Process of preparing food articles from milk
US 589155 A
Description (OCR text may contain errors)
UNITED STATES PATENT OFFICE.
ALEXANDER BERNSTEIN, OF BOSTON, MASSACHUSETTS.
PROCESS OF PREPARING FOOD ARTICLES FROM MILK.
SPECIFICATION forming part of Letters Patent No. 589,155, dated August 31, 1897.
Application filed June 12, 1897. Serial No. 640,563. (No specimens.)
T0 at whom it may concern:
Be itknown that I, ALEXANDER BERNSTEIN, a subject of the Emperor of Germany, residing at Boston, in the county of Suffolk and State of Massachusetts, have invented certain new and useful Improvements in Processes of Preparing Food Articles from Milk; and I do hereby declare the following to be a full, clear,
and exact description of the invention, such as will enable others skilled in the art to which it appertains to make and use the same.
My present invention relates to the art of preparing permanent foodartioles from milk, andmore particularly to the art of cheesemaking, and is especially designed to secure a more desirable article of food from skimmed milk, or milk mainly deprived of its fat by a centrifugal or other mechanical separator. To those skilled inthis art it is well known that when skimmed or separated milk is treated in the ordinary manner with rennet a on rd is produced which is tough and almost indigestible, and when such curd is pressed in the ordinary mode of, cheese-making and cured in the'usual way a cheese is produced which is of very compact texture. Such cheese is inferior as an article of commerce and is objectionable as food, for the reason that it is hard, dry, and indigestible. The difference between this and the cheese made from milk in its natural condition is that the microscopic particles of fat are interposed throughout the curd and cheese between the particles of casein and prevent the latter from the close and intimate adhesion which takes place when the fat globules have been withdrawn from the milk.
The object of this invention is to produce from skimmed milk an article of food which can be kept for a long period and which will be free from the objections noted against the skimmed-milk product. This result I secure by keeping the particles of casein separated by another substance which takes the place of the withdrawn fatty particles, so that the particles of casein will not so closely cohere, but will remain separated and in such condition that they can be easily acted on by the juices of the stomach.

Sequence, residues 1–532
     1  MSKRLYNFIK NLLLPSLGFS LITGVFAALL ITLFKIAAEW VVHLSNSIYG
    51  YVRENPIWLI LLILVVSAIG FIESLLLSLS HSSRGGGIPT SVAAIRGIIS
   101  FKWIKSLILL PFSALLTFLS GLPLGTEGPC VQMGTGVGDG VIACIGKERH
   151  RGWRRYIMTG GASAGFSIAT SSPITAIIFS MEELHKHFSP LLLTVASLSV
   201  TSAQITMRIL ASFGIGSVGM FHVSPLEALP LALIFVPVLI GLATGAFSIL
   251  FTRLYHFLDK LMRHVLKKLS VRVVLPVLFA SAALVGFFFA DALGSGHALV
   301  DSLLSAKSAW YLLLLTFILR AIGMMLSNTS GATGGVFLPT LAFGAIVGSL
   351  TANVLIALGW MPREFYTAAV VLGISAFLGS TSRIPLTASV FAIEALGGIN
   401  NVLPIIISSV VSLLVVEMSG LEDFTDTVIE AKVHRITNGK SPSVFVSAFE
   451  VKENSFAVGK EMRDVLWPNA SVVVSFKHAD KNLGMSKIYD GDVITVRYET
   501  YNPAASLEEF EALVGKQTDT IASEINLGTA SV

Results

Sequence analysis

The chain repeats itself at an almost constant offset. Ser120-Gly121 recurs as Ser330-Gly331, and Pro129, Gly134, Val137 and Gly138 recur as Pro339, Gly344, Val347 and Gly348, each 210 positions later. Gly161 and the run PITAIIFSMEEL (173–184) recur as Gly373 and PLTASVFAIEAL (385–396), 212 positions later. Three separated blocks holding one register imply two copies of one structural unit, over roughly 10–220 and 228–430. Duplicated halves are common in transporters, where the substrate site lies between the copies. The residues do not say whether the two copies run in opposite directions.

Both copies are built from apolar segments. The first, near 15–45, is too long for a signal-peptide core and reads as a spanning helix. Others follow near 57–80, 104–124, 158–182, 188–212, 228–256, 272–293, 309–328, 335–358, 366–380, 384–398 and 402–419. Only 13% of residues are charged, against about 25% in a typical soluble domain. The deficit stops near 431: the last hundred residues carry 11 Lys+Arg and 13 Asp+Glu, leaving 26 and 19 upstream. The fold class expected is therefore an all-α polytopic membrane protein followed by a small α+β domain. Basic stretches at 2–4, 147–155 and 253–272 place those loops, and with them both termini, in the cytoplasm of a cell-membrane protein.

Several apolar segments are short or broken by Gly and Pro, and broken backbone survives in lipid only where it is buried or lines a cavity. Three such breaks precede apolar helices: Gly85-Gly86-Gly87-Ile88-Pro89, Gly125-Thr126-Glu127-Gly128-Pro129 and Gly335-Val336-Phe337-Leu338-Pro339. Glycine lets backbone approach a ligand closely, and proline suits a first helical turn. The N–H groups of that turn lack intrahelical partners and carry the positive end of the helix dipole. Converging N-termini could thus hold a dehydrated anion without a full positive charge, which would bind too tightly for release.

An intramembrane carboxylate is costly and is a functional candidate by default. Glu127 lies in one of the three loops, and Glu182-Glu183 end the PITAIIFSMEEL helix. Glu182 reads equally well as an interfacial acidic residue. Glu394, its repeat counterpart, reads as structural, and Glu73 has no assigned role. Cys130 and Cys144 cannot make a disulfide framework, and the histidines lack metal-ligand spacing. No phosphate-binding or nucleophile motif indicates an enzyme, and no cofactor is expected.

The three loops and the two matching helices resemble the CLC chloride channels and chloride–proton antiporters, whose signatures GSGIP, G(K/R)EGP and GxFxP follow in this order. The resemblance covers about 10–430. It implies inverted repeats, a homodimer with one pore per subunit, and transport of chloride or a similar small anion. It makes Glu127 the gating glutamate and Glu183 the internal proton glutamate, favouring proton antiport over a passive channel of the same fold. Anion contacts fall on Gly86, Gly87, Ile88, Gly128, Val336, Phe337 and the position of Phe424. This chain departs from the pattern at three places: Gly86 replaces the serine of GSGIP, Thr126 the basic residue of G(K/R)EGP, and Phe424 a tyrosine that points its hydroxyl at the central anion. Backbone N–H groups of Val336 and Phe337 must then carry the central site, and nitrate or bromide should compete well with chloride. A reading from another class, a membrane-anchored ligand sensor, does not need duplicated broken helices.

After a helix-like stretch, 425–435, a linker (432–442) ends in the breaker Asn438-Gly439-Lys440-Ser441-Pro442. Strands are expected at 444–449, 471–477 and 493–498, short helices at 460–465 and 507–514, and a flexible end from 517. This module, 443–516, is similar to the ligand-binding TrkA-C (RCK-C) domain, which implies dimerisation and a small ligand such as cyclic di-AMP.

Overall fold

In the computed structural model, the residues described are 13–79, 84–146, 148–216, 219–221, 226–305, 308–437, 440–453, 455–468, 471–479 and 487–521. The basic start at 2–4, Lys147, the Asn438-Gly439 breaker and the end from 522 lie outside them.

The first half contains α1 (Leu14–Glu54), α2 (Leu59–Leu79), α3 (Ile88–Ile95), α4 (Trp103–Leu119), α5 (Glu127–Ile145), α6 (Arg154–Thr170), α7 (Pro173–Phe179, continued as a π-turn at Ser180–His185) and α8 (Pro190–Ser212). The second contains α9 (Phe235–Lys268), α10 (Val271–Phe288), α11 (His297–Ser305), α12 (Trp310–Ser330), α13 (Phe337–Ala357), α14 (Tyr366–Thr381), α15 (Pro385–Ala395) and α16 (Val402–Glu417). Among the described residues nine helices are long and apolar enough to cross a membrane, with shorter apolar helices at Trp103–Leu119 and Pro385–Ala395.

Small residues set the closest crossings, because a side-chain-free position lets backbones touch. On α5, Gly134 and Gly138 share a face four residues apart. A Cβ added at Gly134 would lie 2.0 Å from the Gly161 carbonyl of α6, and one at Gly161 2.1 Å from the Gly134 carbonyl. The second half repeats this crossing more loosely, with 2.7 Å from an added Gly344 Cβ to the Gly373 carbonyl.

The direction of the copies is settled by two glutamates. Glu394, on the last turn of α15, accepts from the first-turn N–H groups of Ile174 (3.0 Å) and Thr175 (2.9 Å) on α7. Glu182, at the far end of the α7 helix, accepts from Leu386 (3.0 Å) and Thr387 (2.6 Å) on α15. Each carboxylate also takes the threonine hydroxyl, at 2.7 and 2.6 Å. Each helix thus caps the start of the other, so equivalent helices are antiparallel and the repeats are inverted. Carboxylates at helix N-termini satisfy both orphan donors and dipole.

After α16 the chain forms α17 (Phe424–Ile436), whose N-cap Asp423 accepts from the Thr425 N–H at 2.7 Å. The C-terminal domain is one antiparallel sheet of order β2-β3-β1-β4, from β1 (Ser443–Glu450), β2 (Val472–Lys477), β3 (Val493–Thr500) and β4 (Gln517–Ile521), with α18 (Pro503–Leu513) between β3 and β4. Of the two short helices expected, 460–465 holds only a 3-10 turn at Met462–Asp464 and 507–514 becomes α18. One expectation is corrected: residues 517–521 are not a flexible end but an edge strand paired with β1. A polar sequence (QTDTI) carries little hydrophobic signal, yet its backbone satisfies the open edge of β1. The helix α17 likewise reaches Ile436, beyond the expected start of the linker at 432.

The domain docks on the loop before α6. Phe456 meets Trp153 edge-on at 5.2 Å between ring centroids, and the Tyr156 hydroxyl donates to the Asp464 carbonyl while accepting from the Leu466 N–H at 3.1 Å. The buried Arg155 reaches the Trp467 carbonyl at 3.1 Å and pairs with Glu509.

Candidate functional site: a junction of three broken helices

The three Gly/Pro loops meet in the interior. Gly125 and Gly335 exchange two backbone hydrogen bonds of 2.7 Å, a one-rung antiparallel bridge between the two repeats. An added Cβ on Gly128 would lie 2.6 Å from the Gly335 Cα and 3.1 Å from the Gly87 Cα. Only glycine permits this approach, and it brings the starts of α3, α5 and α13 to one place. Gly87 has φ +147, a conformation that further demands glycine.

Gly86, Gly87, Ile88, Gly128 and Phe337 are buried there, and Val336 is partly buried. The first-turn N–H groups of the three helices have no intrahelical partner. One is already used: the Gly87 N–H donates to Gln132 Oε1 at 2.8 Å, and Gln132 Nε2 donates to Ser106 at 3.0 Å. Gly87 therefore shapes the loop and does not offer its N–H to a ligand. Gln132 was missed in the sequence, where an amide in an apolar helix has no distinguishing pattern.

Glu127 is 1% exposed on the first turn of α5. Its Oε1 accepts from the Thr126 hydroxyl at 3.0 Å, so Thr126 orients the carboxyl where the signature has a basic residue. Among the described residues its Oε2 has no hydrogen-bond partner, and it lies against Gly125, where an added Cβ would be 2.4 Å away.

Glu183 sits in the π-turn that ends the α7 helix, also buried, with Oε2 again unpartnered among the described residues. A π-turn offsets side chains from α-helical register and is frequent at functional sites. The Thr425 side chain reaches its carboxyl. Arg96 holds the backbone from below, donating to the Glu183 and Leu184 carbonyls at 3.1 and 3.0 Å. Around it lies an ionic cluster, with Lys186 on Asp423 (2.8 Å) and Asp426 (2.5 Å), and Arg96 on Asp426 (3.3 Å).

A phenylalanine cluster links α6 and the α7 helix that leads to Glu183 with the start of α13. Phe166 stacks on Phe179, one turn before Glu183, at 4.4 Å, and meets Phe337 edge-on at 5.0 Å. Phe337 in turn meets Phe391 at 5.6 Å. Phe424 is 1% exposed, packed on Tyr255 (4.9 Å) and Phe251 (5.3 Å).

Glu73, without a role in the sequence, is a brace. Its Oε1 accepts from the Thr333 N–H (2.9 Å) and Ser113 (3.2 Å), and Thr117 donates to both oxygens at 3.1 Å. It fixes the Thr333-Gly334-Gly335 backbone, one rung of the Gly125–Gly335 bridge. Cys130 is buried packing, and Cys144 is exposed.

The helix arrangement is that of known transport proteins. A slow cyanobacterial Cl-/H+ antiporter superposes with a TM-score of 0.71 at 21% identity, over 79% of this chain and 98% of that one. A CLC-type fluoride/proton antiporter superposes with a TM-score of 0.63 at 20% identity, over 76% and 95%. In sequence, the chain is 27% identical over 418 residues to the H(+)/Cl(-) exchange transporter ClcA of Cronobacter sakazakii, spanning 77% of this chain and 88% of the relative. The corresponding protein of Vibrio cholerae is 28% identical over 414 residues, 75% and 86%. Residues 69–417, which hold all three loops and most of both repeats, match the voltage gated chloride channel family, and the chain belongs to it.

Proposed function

It is not necessary that the butter of the milk should be replaced by a fat, and I have found that the same result may be secured by flour is thoroughly mixed with and asevenly diffused through the milk as possible, while the temperature is raised to about 40 centigrade. A sufficient amount of rennet is now added to the mixture. Care should be taken to see that the amount of rennet is ample for the purpose. The mass is now stirred to effect the thorough incorporation of the rennet, and thereafter a suflioient amount of agitation is maintained to keep the flour well in suspension and prevent itssettling until the action of the rennet has caused the milk to thicken sufficiently to render such agitation unnecessary. After coagulation has taken place I continue the heating and raise the temperature very gradually, so as to cause the curd to shrink slowly. \Vhen the volume of the curd has been reduced to about one-half of that of the milk, the whey is drawn off or removed and the curd placed in a strainer or filtering-cloth and the moisture retained in the mass allowed to drain from it. The curd so produced is very soft, similar to creamcheese, and does not harden by lapse of time. By drying it a loose powder can be obtained which keeps without deterioration.
Acid might be used in place of rennet, but the product is not of as good or as uniform a quality as when rennet is employed.
Instead of wheat-flour other farinaceousmaterials, such as the meal and flour of other cereals, can be used in the same manner.
The curd produced can be made into cheese or made into a bread or other form of food. Such food articles can be made to contain the protein matter combined with the carbohydrates in proper proportions to sustain life.
What I claim, and desire to secure by Letters Patent, is-- 1. The process of forming a food product from milk which consists in adding farinaceous material such as flour to the milk, then coagulating the milk while holding the flour 3. An article of manufacture consisting of a curd, having farinaceous material such as flour included uniformly in the mass and interposed between the particles of casein, subr 5 stantially as described.
In testimony whereof I afiix my signature in presence of two Witnesses.
' ALEXANDER BERNSTEIN. \Vitnesses:
FRED A. HOWARD, WILLARD AMES.